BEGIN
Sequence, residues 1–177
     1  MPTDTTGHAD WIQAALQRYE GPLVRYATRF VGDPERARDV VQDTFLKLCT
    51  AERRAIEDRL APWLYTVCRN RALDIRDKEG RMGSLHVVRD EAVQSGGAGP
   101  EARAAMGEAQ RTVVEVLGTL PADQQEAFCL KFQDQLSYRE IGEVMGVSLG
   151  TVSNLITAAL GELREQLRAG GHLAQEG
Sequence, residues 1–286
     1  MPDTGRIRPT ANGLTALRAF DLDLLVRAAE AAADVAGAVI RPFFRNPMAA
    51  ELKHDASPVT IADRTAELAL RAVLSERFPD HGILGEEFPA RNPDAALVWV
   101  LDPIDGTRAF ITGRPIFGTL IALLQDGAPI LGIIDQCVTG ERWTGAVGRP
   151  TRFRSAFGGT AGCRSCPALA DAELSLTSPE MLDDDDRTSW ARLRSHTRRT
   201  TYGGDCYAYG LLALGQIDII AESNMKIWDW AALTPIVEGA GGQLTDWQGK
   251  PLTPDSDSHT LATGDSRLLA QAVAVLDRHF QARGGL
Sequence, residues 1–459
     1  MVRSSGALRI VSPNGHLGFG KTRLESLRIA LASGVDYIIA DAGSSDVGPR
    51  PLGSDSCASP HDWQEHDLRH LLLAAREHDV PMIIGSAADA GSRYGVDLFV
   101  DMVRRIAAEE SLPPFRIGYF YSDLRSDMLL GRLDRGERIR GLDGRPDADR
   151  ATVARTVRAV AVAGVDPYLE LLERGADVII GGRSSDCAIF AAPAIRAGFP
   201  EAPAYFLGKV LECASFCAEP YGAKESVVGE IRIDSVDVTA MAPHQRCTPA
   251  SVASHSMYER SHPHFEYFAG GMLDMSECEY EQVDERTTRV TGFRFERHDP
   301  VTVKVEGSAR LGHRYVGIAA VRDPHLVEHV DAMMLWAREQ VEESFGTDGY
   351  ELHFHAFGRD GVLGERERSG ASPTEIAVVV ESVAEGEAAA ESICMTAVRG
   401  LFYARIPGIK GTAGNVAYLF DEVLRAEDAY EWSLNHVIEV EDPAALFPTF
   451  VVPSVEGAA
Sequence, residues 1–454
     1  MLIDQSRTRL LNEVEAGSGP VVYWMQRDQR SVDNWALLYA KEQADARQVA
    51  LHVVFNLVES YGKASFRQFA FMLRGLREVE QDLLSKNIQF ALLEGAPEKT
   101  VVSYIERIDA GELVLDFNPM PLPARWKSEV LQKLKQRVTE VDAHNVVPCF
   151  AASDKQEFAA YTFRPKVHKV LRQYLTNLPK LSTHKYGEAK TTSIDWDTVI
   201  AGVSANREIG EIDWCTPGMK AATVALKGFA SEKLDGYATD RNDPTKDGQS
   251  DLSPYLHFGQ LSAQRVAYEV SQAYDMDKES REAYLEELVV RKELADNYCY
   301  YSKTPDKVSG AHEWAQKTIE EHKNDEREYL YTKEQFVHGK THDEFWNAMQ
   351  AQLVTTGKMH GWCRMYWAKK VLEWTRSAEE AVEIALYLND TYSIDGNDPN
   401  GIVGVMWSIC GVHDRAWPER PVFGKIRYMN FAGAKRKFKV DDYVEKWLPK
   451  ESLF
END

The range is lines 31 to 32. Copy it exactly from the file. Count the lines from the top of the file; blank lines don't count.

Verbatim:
   301  YSKTPDKVSG AHEWAQKTIE EHKNDEREYL YTKEQFVHGK THDEFWNAMQ
   351  AQLVTTGKMH GWCRMYWAKK VLEWTRSAEE AVEIALYLND TYSIDGNDPN